A plastic chip about the size of a thumb drive could be the end of animal testing.
The technology, which was recently named “Design of the Year" by London’s Design Museum, is called organs-on-chips and was developed by researchers at Harvard’s Wyss Institute for Biologically Inspired Engineering.
Each chip is embedded with microfluidic tubes lined with human cells, through which air, blood and bacteria can be pumped, mimicking a human organ, and the chips’ clear polymer allows scientists to watch the small-scale biological processes in real time.
“The organs-on-chips allow us to see biological mechanisms and behaviors that no one knew existed before,” Don Ingber, founding director of the Wyss Institute, told The Guardian. “We now have a window on the molecular-scale activities going on in human organs, including things that happen in human cells that don’t occur in animals,” Ingber said.
Lung-on-a-chip is the first “organ” to be developed, but eventually chips that emulate hearts, intestines, kidneys and other organs could all be linked together to form full-body networks, enabling researchers to test drugs and cosmetics without using animals.
The organs-on-chips “stand to significantly reduce the need for animal testing by providing a faster, less expensive, less controversial and accurate means to predict whether new drug compounds will be successful in human clinical trials,” the university said in a news release.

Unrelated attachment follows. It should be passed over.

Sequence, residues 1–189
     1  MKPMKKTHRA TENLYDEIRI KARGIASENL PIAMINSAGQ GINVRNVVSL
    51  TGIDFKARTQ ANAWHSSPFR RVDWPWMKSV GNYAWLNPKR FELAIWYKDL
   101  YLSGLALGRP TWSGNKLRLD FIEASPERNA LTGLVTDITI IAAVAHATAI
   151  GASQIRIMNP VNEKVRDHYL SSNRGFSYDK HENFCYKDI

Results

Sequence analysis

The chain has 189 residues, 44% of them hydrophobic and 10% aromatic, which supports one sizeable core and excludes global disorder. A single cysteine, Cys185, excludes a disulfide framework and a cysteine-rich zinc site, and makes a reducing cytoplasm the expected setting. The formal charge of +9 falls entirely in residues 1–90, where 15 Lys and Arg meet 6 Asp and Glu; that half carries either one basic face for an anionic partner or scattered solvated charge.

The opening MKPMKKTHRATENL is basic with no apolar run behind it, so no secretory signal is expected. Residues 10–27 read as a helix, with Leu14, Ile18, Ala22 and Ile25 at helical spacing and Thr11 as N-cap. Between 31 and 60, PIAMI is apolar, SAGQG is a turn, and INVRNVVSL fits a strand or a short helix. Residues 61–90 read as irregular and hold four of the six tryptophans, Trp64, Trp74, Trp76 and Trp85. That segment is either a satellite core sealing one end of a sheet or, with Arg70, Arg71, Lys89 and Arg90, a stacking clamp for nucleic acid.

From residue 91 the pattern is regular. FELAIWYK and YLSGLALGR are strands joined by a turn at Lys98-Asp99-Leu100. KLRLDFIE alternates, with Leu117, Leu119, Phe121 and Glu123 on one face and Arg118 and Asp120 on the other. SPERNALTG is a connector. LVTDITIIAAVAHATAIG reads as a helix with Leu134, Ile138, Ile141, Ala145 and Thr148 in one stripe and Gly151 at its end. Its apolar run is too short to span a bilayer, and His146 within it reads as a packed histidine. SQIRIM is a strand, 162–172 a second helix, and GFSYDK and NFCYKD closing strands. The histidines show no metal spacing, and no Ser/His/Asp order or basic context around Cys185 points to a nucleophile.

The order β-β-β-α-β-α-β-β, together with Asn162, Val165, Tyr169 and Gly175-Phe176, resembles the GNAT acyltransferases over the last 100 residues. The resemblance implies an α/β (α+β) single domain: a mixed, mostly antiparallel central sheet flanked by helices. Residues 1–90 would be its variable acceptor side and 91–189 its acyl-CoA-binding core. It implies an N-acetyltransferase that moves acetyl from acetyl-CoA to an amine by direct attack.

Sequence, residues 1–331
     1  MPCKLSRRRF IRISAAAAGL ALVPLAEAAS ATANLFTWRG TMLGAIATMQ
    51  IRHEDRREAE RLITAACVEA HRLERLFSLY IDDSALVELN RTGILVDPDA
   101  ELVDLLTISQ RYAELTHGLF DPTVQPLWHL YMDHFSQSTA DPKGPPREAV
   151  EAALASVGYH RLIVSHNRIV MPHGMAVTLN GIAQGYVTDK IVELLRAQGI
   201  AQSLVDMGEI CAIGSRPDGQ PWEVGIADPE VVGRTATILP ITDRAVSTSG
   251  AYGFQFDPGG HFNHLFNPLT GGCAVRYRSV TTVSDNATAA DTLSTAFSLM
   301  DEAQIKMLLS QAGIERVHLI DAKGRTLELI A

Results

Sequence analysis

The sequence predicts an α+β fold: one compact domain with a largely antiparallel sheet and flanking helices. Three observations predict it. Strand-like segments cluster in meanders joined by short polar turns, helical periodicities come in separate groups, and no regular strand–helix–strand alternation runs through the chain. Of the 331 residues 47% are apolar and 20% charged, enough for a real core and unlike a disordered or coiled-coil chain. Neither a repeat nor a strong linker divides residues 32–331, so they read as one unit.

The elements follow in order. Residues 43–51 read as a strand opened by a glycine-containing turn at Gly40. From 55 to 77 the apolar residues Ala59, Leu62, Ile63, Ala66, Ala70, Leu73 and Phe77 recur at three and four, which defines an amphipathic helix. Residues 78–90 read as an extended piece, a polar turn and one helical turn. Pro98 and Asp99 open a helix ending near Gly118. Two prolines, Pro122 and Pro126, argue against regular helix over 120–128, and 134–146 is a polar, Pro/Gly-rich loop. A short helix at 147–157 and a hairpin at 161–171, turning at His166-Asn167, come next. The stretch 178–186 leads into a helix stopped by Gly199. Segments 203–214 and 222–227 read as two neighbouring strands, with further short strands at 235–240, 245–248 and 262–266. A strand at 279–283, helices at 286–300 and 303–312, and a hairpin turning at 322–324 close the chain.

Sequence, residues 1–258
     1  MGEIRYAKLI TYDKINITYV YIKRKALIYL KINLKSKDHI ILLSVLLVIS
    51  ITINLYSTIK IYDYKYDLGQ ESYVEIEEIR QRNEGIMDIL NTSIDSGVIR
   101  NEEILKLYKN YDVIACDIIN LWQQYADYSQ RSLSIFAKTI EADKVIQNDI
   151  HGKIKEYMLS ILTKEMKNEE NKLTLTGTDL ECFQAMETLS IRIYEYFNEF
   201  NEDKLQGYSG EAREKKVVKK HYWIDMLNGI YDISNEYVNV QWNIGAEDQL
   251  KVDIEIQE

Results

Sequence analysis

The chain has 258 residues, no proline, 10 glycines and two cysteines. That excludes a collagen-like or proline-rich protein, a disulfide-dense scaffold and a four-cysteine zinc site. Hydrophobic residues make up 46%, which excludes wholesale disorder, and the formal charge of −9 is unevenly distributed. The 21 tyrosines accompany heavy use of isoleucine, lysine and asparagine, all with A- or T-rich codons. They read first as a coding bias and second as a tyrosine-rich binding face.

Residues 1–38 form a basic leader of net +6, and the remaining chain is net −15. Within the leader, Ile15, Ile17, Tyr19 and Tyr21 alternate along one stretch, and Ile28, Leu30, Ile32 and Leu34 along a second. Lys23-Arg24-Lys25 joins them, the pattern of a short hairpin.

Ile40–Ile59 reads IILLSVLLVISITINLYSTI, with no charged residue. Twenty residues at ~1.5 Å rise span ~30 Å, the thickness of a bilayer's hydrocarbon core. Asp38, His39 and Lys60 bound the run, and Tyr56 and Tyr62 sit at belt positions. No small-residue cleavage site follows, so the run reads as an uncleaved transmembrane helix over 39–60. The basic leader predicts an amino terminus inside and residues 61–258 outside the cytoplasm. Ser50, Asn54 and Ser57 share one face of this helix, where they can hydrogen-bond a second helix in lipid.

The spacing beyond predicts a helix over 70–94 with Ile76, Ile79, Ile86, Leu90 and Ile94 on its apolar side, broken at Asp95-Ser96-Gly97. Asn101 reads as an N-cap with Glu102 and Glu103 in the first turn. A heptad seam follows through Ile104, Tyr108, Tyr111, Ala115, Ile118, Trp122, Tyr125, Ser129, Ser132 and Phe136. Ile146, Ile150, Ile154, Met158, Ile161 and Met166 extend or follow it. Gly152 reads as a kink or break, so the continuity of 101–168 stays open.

More than 115 million animals worldwide are used in lab experiments annually, according to the Humane Society International, and animal-welfare advocates have long maintained that such testing is not only cruel but also unreliable as humans aren’t biologically the same as other animals.
“One of the things that the pharmaceutical industry is finding is that they're having very high failure rates, and often it’s because the animal models being used to develop these drugs are not predictive of the human situation,” Geraldine Hamilton, a senior staff scientist at the Wyss Institute said.
Although organs-on-chips are still years away from replacing animal trials on a large scale, the technology is already in line with public opinion.
A 2014 Gallup poll found that 41 percent of Americans find medical testing on animals to be morally wrong, while a Humane Society poll revealed that 67 percent of Americans are opposed to cosmetic testing on animals.
Learn more about organs-on-chips in the video below.
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